Alternative Measures of Noncognitive Skills and Their Effect on Retirement Preparation and Financial Capability

Published: 2017


Social science, more than ever, is drawing upon the insights of personality psychology. Though researchers now know that noncognitive skills and personality traits, such as conscientiousness, grit, self-control, or a growth mindset could be important for life outcomes, they struggle to find reliable measures of these skills. Self-reports are often used for analysis, but these measures have been found to be affected by important biases. We study the validity of innovative, more robust measures of noncognitive skills based on performance tasks. Our first proposed measure is an adaptation, for the adult population, of the Academic Diligence Task (ADT) developed and validated among students by Galla et al. (2014). For our second type of performance task measures of noncognitive skills, we argue that questionnaires themselves can be seen as performance tasks, such that measures of survey effort, e.g. item non-response rates and degree of carelessness in answering, could lead to meaningful measures of noncognitive skills. New measures along with self-reports are then used to study the role of noncognitive skills and personality traits on an individual’s preparation for retirement and financial capability. In a world where individuals are increasingly asked to take responsibility for retirement preparations and when available financial products to do so are growing in sophistication, a better understanding of how noncognitive skills influence retirement preparation could help effective policy design.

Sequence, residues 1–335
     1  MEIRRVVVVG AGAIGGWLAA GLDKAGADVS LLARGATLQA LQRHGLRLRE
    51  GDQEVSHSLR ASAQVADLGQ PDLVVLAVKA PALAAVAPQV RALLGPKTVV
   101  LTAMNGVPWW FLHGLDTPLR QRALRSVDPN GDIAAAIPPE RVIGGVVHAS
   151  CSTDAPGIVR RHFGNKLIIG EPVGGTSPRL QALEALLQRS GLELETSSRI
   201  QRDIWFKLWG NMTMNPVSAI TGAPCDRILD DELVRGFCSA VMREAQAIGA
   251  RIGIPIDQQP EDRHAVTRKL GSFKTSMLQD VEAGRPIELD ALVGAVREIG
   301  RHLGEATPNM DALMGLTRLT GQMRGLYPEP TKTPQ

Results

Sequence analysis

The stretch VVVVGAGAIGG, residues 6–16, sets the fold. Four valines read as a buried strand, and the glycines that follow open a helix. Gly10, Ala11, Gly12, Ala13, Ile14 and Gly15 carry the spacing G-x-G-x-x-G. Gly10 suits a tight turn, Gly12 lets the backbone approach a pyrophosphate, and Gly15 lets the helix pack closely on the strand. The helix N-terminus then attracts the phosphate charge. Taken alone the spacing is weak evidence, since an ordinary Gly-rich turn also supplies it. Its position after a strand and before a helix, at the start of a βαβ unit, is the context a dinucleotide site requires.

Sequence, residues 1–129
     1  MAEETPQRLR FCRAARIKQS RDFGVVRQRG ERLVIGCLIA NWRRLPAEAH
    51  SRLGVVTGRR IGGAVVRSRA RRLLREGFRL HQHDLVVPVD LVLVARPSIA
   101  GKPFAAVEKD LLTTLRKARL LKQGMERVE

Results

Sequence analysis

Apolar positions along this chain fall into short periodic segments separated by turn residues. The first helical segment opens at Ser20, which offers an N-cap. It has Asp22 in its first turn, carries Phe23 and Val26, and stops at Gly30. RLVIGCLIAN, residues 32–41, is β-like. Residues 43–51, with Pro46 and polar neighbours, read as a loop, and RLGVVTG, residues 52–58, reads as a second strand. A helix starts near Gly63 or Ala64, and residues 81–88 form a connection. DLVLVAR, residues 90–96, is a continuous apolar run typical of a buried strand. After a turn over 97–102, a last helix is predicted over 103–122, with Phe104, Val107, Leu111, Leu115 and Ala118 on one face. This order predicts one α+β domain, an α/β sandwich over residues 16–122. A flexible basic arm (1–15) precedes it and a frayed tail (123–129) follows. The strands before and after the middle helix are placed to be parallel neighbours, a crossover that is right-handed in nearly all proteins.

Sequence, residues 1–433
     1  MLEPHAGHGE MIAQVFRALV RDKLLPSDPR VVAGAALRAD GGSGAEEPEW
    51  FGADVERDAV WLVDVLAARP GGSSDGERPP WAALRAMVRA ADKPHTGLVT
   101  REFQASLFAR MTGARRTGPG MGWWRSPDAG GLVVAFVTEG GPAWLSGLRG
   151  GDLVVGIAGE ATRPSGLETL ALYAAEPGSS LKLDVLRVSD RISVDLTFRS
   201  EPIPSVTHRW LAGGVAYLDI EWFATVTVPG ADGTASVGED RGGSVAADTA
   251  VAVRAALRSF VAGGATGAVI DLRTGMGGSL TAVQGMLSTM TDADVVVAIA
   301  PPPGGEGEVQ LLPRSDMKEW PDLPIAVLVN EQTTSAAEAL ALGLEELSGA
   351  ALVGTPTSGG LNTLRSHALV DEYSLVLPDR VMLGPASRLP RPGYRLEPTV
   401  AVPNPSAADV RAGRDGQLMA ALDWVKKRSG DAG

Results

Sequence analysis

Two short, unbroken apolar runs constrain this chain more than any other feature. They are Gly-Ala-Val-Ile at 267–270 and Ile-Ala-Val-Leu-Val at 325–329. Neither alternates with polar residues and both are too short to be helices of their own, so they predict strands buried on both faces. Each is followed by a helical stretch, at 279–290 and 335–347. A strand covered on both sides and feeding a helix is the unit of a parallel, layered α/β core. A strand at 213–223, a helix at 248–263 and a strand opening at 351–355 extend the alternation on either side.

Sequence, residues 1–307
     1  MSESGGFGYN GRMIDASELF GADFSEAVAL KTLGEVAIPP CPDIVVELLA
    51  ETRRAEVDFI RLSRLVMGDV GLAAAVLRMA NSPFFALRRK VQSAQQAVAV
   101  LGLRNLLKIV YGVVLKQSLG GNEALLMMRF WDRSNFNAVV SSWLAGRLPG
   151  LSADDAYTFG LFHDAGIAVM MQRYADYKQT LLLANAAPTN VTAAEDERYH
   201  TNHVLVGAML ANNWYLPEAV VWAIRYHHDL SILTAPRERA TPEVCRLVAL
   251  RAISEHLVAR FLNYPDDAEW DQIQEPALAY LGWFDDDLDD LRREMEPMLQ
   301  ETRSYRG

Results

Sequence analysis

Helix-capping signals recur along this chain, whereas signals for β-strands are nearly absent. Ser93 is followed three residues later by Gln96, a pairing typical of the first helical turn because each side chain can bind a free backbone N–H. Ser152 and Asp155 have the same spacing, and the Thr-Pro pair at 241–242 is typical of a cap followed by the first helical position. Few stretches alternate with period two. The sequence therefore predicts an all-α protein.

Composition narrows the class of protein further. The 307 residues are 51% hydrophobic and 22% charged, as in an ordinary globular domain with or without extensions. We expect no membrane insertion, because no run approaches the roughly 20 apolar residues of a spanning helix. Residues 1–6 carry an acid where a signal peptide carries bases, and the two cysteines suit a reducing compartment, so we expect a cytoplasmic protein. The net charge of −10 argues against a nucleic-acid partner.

Key Findings

    • Noncognitive skills and personality traits, such as grit, conscientiousness, and neuroticism are found to be significantly associated with levels of financial capability and the retirement preparation of adults in the Understanding America Study.
    • The authors find that alternative measures of these noncognitive skills, based on self-reports and performance task measures such as the degree of carelessness in responding to surveys, are significantly associated with important financial outcomes, even after taking into account differences in cognitive ability and relevant sociodemographic information.
    • Results highlight the importance of considering psychological factors when designing policies that aim to improve the level of financial capability and retirement preparation in the population.


Gema Zamarro


Zamarro, Gema. 2017. “Alternative Measures of Noncognitive Skills and Their Effect on Retirement Preparation and Financial Capability.” Ann Arbor MI: University of Michigan Retirement Research Center (MRRC) Working Paper, WP 2017-365.